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What Effects Do Sugar & Salt Have on Plants?

    Sugar is Fuel

    • Much like humans, plants use sugar as fuel for energy. Plants make their own nutrients through a process known as photosynthesis. They combine water, sunlight and carbon dioxide and produce sugars. The glucose and sucrose they create is stored in the leaves and stems of the plant and used to fuel the growth of flowers and roots that do not produce energy on their own. Adding water with dissolved sugar to the plants during watering can sometimes boost the growth of immature plants since they are unable to make as much of the fuel on their own.

    Sugar Water for Pests

    • Sugar can occasionally be used as a pesticide. Plants that are infested with aphids, whiteflies and mites need predators to naturally take care of the problem. Ladybugs are a natural predator of these plant pests, and they also like sugar. Spray some sugar water on your plants to attract ladybugs and the pretty little beetles will come along and gobble up many of those pesky pests.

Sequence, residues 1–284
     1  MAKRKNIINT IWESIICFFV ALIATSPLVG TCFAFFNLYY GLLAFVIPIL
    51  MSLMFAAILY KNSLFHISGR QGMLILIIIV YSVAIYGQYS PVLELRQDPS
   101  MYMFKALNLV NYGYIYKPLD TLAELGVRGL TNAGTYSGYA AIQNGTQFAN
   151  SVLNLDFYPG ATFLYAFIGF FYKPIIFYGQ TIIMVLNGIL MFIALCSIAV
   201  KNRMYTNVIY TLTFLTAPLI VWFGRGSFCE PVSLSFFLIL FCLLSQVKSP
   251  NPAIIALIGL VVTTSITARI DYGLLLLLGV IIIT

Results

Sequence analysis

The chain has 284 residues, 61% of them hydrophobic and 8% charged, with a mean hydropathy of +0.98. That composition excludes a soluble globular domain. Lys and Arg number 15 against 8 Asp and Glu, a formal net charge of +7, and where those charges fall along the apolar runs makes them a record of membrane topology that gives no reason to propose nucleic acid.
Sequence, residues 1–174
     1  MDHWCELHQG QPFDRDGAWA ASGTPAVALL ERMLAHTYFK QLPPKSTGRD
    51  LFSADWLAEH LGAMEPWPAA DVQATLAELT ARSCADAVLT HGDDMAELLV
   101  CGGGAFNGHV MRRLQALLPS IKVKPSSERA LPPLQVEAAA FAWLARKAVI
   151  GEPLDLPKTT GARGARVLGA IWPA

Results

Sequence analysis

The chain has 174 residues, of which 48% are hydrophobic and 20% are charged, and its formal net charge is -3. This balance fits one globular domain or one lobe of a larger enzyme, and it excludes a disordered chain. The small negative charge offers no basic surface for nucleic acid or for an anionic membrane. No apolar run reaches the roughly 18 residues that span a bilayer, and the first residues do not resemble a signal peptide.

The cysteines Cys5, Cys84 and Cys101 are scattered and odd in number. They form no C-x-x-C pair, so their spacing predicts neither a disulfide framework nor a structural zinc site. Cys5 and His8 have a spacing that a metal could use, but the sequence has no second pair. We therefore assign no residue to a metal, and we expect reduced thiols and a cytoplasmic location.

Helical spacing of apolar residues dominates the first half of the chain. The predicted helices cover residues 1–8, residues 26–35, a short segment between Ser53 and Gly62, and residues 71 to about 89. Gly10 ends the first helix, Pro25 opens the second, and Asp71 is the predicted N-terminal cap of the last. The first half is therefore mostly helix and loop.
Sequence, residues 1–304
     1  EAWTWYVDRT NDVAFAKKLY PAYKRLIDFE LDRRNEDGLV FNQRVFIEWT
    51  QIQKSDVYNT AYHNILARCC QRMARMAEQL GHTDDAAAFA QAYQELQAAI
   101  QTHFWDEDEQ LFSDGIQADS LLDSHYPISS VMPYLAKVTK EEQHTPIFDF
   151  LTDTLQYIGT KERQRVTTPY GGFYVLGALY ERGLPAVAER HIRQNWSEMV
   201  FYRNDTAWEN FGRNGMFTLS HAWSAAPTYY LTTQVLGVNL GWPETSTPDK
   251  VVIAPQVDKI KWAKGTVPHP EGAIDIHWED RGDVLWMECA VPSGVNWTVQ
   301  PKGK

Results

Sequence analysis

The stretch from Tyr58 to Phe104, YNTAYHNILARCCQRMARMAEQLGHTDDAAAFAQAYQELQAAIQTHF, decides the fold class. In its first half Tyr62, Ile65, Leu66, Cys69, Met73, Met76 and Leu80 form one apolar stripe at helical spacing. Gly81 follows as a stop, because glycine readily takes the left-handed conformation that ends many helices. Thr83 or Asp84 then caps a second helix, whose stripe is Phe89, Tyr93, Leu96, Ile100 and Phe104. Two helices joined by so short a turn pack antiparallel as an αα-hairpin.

Absorbs Water

    • Unlike sugar, salt does not provide energy to plants. In fact, it robs plants of nutrients by absorbing the water they need to survive. Adding salt or saltwater to the soil around plants will simulate drought-like conditions for the plants because the salt will absorb the water in the soil before it can replenish the plants. Some of the salt could also be absorbed into the roots and stored in the plant itself. When this happens, it can cause conditions such as leaf scorch.

    Reduced Cold Hardiness

    • Salt is spread all around the roadways of the nation to help fight against icing during winter storms. The salt gets dissolved in water and cars and snowplows distribute the salt by splashing it into lawns and upon plants as they pass by. There are other, less common ways that salt can make its way into the soil as well. When salt gets into a plant, it can result in a loss of cold hardiness in some species. This weakening of plants can result in death of the plants in cold weather when they could have otherwise survived the winter.

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